Thursday, January 5, 2012

Look to the future and tell us what you see

In my November 7 blog, I wrote about the COMPASS art contest to get children’s perspective on what their communities will look like in 25 years. You’ll hear more on that from me later as we choose our winners.

Now it’s your turn to share your perspective.

What do you think the Treasure Valley will look like in the future? Even more importantly, what do you want it to look like? We know we will grow. Where will that growth go? What infrastructure do we need to accommodate it?

We are undertaking a process to help answer these types of questions. The end result will be a "preferred growth scenario" — a realistic vision of what Treasure Valley residents want the valley to look like in the year 2040.

This vision, or scenario, will be developed by you, Treasure Valley residents, and must be adopted by the COMPASS Board. The scenario will be the basis for Communities in Motion 2040, the regional long-range transportation and sustainability plan.

As a first step in developing a growth scenario, COMPASS will hold three all-day, hands-on workshops (February 29, March 1, and March 2, 2012) to engage community leaders, elected officials, and stakeholders (you!) to develop a common set of goals and identify three to four potentially desirable growth scenarios that could occur. With others at your table, you’ll be able to literally map out what you want the future to look like. Those scenarios will then be presented to the broader public for their review and comment before a final scenario is presented to the COMPASS Board for their consideration.

Would you like to participate in one of these workshops to share your vision for the future? Learn more by clicking here, then fill out an online self-nomination form by Friday, January 20, 2012. You can access the form from the link above. You’ll be asked to tell us why you want to participate, what types of interests or groups you represent or belong to, what unique perspectives you bring to the table, and which workshop(s) you could attend. Space is limited, so there may not be room for everyone who self-nominates. Self-nominees will be chosen to include a broad cross-section of interests and opinions. You will be notified in late January if you have been selected to participate.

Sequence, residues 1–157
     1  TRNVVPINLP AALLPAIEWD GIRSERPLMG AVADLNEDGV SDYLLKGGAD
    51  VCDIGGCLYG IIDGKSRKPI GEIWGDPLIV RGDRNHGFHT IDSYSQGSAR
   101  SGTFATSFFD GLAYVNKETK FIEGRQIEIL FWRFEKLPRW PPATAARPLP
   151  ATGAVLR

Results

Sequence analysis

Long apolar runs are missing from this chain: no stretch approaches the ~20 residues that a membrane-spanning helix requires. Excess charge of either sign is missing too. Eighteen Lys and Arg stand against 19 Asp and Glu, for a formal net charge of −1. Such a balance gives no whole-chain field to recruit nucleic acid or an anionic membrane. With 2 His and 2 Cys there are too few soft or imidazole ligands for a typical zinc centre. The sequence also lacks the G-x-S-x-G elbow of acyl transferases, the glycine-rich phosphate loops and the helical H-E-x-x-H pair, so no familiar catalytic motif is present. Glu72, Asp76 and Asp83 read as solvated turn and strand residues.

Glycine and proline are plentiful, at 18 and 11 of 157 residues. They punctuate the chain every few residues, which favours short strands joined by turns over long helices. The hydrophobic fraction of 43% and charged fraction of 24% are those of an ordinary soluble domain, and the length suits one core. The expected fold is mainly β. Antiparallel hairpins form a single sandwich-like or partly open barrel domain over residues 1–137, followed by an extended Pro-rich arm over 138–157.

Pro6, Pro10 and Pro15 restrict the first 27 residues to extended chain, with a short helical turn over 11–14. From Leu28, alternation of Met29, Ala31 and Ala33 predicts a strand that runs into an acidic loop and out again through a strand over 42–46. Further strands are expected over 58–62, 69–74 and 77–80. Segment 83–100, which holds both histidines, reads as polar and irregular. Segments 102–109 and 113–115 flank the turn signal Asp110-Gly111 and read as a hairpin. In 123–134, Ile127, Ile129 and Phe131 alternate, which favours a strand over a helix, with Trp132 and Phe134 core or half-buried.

If you are unable to participate in one of the workshops, there will still be plenty of opportunity for you to participate in the process. After the workshops, the potential scenarios will be presented for review and comment by the public. Everyone will be invited to weigh in on which scenario best represents their vision for the future of the valley and why.

Developing Communities in Motion 2040 will be a long process. While developing a preferred growth scenario is just one step in this process, it is an important one...perhaps even the most important one, as it will set the stage for the rest of the plan and the future of the Treasure Valley. I encourage you to be involved.

Wednesday, January 4, 2012

Communities in Motion 2040: Why Do You Care?

One of the most common questions we hear about long-range planning, is “why should I care?” It can be hard to get excited about a plan that looks so far into the future when today’s issues are pressing on us.

So, on the COMPASS web site and in our quarterly email updates about Communities in Motion 2040, we share reasons why COMPASS thinks people should care about Communities in Motion 2040 ― the regional long-range transportation and sustainability plan that will look nearly 30 years to the future.

However, even more important than why we think you should care is why you do care. So, we are asking people why they care, or think others should. We promised to share the reasons submitted to us quarterly; this is the first installment.

Why people care about Communities in Motion 2040, as submitted by you

  • The long-range plan is the ground work for growth and projects in the future.
  • It helps the individual agencies (cities, counties, highway districts, transit authority) grow as a region.
  • I can actually make a difference by being educated and involved!
  • There is not enough money to fund our needs. We need innovative ideas to plan for the future.
  • There is controversy over which is the driver of economic development… land use or transportation. Which comes first?
  • We need new jobs and Communities in Motion can help plan for the needs of those jobs.

To share why you think Communities in Motion 2040 is important ― why you care ― email and we’ll post your ideas here. Thanks for caring and sharing!

Community Planning Association of Southwest Idaho

COMPASS is the designated Metropolitan Planning Organization responsible for transportation planning in Ada and Canyon Counties. The COMPASS Board comprises 39 members representing the cities, counties, highway districts, educational institutions, state agencies, and other entities within the two counties. COMPASS plays an important role in making decisions about future long-range transportation needs in the Treasure Valley, taking into consideration environmental and economic factors that affect the quality of life.